In conclusion

Responsive email design is still a compromise. The baffling array of different devices, email clients and rendering engines present designers and developers with a daunting task. But as technology progresses it’s becoming easier to provide users with appropriate layouts that they can effortlessly consume and interact with. Growing support for media queries in email has changed the landscape of mobile email optimization and provides us with a platform to drastically improve the user experience on more devices. It is now up to us, the designers and developers, to experiment with creative ways to reach the mobile audience.

Have you designed for email? Did you use a responsive approach? Let us know in the comments.

Featured image/thumbnail, via mattw1ls0n

  • Sloupok Sloupok

    good post, thank you

  • Hemanth Malli

    Very good tutorial.. its a helpful share!! Responsive design is the new trend and its becoming popular as the mobile internet users are increasing rapidly and many are converting their websites to responsive. I made it but not do responsive email. I will try it !!

  • leighjeffery

    Excellent tutorial! thanks for the examples to work from:)

  • Thomas

    Microsoft Outlook has ruined all my attempts at cross-client responsiveness.

    • Jack

      Hi Thomas, cheers for reading the article. A Microsoft product causing developers headaches..? Surely not ;)

      I tend to presume that the vast majority of Outlook users will be using the desktop client so a responsive solution isn’t essential. However, with the advent of the new – we must now consider how our emails are going to perform for mobile Outlook users. I believe it doesn’t support media queries but I haven’t done a great deal of testing with it. I’d be interested to hear your experiences if you have. Otherwise, following the ‘mobile best practice’ techniques outlined above should provide, at the very least, a satisfactory user experience.

      • Thomas

        The company I work with had me put together e-mail templates for them, and with older versions of Outlook still holding a fair amount of use (including ours) it really put responsive out the window. Table layouts won.

  • stephen hutch
  • Stephen Moyers

    Really nice post! I’ve personally implement media queries and viewport meta for mobile site and I really like this functionality. It’s great that it’s working for mobile device mail also. It’s really essential for mobile era when everything is going responsive because most of the people are using mobile devices for surfing the web.

  • emarketing .

    Excellent Tutorial shared! It was indeed very helpful. Thanks a lot for sharing!

  • Ash Pennington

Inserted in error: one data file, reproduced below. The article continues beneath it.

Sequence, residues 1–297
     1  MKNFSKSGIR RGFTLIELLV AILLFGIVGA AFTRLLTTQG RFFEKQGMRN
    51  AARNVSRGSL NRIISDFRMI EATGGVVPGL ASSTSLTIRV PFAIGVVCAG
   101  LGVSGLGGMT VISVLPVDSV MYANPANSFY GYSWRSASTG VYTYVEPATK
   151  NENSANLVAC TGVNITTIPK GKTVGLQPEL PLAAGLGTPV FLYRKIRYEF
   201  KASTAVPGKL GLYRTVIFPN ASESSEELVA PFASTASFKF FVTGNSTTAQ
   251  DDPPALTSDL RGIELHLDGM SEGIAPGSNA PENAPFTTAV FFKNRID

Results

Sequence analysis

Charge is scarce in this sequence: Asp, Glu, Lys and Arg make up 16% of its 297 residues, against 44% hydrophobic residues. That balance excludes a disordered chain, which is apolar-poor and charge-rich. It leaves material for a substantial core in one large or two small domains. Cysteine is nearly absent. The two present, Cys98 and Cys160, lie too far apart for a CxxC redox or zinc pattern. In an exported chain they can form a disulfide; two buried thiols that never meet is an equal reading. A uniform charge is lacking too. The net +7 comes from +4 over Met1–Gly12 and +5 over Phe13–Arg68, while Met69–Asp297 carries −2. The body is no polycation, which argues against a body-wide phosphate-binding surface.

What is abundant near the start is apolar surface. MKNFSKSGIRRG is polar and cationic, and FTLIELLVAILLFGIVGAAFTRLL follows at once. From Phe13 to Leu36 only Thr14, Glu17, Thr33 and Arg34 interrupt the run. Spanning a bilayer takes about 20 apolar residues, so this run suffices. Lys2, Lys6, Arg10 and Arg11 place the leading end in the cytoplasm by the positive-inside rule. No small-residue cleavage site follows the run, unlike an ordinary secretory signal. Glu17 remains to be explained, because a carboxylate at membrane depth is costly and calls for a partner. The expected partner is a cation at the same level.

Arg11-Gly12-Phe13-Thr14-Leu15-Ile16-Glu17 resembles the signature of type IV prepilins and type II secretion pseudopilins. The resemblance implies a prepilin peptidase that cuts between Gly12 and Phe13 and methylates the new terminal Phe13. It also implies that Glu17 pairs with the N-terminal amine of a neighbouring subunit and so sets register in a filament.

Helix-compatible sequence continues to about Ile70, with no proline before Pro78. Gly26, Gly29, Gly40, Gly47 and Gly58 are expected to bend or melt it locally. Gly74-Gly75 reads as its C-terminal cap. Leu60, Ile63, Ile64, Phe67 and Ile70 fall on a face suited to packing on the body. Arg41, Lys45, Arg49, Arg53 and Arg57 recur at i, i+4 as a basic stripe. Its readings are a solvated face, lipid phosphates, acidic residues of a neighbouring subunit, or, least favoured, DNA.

Nice post, and helpful template :) I’ve noticed that in the html you’ve used 3 digit hex references (which aren’t picked up in some earlier versions of outlook) so best sticking to 6 all the time. (Y)

    • Jack

      Hi Ash, cheers for reading. That’s an extremely good point – thank you!

  • Jack

    Have you had a look at the Antwort responsive email template by Julie Ng (@jng5)? Got to admit I haven’t used it myself but have heard good things.

    • Ash Pennington

      I’ll definitely have a look into that mate, cheers! :)

  • Rakesh Prajapati

    It is very good post. I am designing weekly 10 to 15 newsletter. Let me try with this. I hope this will be make nice experience.

  • Carey Miller

    I very much enjoyed your post and will be trying out some of your suggestions. However, with the lack of standards across email clients and the various versions of Microsoft Outlook still in use, creating an email, responsive or not, which works across all platforms is still frustrating.

    I have found one axiom which still works to create a final email product which works across most platforms. Code it like its 1999!

  • Mathew Porter

    Email is abit of a mine field due to the poor support, especially in widely used desktop clients… As with using particular markup on a site development alot of users will still have dated browsers, but as time passes then hopefully users setups will have increased support.

  • bealzebubba

    The agency I work for is doing responsive emails, though all we really do is design it for responsive and slice out images. It’s not really ‘the correct way’ in my experience but it is responsive in the sense that images will either scale down and stack above each other. Our email width is 604 for normal viewing and 3092 for responsive. It’s worked well for our application.

  • Manaday Mavani

    Very good tutorial, Jack! Thank you. Keep sharing.

  • Nicole Merlin

    Great post Jack! That’s an interesting point about left-aligning content because Gmail for Android (and Yahoo and will all only display the left-hand side. I have been playing a little with the new Gmail on Android.. it does a kind of pseudo-media-query obedience in that it does set outer tables to have a max-width of 100%. Tricky but potentially better than how it currently works! Still a lot of experimentation to go before I fully understand it.

    • Jack